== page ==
Interview with Zoe Landon, Marketo

Technology so easy a lawyer can do it

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Zoe Landon describes herself as a front-end web developer, entrepreneur, and general oddball. When she's not doing design and research for Marketo, she works on the music discovery project RCRDList, plays drums, and writes stories. Her first novel, The Latte Segment, was released in February. She knows a little something about words, which is the subject of her OSCON talk: Technology: so easy your lawyer can do it.

I asked her about it.

Computers process rules. Lawyers process rules. Why do lawyers have such a hard time with computers?

Lawyers aren't computers, for one.

The trope of the technophobic lawyer is a strange one, but it makes sense when you consider the depth of a lawyer's work. Between research, memorization, specialized language, and argumentation, lawyers bear a massive cognitive load. (Doctors have a similar situation, and from having worked at a company in the medical space, doctors do have a degree of technical resistance as well.) When technology is expressed solely or primarily through jargon instead of familiar language or metaphor, it's treating tech as a separate idea that requires distinct learning. Many people who may be valuable contributors to tech projects lack either the interest or cognitive room to deal with that, so it creates a wall that doesn't need to exist. Consider the efforts to make EULAs and copyright agreements more human-readable; doing the same for technology would reap similar benefits.

(As a note: more and more lawyers are replacing low-tech tools with computers like iPads, a form factor and OS designed top to bottom for ease of understanding.)

How do you convince someone that using jargon unnecessarily doesn't automatically make one superior?

It's always a matter of reading the person. For some, using jargon to feel superior is a feature, not a bug. That's a hazardous attitude, but you'll always find someone like that. For the rest of us, I feel that being made to experience the problem is a good way to create an understanding of it. In my case, I'm an author, so I've sought out literary and linguistic jargon that most programmers haven't. So, if I need to illustrate the point, I'll start throwing that around. It's not a bad thing if developers don't understand linguistic jargon—you don't need it to be successful—but once someone finds themselves in the position where they've lost understanding due to jargon, it's much easier to step back and highlight the problem.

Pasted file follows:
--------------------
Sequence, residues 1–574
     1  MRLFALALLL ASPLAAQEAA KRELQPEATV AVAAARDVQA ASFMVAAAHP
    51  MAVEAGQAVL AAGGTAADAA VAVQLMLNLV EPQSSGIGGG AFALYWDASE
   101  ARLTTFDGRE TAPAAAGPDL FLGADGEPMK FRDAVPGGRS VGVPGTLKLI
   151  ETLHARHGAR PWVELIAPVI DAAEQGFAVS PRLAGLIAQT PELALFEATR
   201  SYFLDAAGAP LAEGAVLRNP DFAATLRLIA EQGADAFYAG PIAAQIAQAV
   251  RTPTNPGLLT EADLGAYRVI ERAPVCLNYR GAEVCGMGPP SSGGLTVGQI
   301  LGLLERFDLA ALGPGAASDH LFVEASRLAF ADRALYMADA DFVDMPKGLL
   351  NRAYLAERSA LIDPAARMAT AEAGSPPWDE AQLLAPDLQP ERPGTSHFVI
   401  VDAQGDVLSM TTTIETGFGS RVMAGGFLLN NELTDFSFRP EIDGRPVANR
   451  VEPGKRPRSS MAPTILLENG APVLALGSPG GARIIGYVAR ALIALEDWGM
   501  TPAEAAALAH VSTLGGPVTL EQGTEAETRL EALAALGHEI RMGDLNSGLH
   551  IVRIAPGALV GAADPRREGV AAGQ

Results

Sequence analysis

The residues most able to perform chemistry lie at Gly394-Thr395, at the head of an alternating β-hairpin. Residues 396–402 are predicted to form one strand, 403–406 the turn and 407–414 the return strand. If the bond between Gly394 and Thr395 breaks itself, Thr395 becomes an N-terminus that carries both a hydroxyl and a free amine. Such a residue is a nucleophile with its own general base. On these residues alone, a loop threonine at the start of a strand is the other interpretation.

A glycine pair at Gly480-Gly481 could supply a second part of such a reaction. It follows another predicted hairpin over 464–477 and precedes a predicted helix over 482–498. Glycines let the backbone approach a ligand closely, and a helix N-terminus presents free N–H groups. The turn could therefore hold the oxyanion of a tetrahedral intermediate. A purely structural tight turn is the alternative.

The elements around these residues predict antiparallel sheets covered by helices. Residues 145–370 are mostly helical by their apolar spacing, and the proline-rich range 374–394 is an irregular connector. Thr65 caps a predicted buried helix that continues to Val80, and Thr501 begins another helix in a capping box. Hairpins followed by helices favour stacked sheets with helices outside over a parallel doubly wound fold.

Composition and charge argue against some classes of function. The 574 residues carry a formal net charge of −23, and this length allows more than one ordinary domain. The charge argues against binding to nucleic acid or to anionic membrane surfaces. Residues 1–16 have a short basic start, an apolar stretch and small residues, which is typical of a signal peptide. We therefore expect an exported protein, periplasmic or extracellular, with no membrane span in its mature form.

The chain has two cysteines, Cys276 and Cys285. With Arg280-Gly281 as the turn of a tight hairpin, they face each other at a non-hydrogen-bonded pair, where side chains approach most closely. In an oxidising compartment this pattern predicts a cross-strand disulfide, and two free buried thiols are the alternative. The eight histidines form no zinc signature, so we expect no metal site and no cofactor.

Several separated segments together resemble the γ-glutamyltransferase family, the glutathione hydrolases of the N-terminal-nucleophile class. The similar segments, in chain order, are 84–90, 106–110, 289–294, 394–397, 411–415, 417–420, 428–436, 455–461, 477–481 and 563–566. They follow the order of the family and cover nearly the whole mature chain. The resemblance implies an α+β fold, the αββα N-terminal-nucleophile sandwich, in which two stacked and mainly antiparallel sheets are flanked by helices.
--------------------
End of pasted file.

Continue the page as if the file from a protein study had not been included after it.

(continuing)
Why is it important to you that technology be approachable?

It's important for everyone. There's been plenty of evidence that heterogeneous dev teams and companies perform better, so there's a business case there. The generally accepted reason is that a diversity of viewpoints helps to catch problems and shortcomings before they happen. With open source projects, as they grow, they run the same risk of problems caused by narrow viewpoints. They become more complex, and thus harder to explain. So, they're open to the same improvements.

Forcing yourself to step back and explain a project in the most approachable terms possible can highlight points where you either contradict yourself or made something needlessly complex. It makes sure you have enough understanding of your own work. Jargon can be useful—you do, eventually, need to be specific most of the time—but it can obfuscate as well.

If attendees only take one thing from your talk, what do you want it to be?

I want developers to be more aware of language. It's really easy to fall into that trap of assuming what's familiar for you is familiar for everyone, and of course that's not the case. That amount of self-awareness isn't much, but it makes developers much stronger collaborators.

Which OSCON talks are you looking forward to the most?

I'm looking forward to I am your user. Why do you hate me?. For one, I'm always up for a good rant, but it also focuses on user-friendliness and user experience. I feel like that's a vital competency set for developers, so I want to hear more ideas on the subject so I can work on bettering myself there whenever I can.

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About the author

Ben Cotton - Ben Cotton is a meteorologist by training, but weather makes a great hobby. Ben works as a the Fedora Program Manager at Red Hat. He co-founded a local open source meetup group, and is a member of the Open Source Initiative and a supporter of Software Freedom Conservancy. Find him on Twitter (@FunnelFiasco) or at FunnelFiasco.com.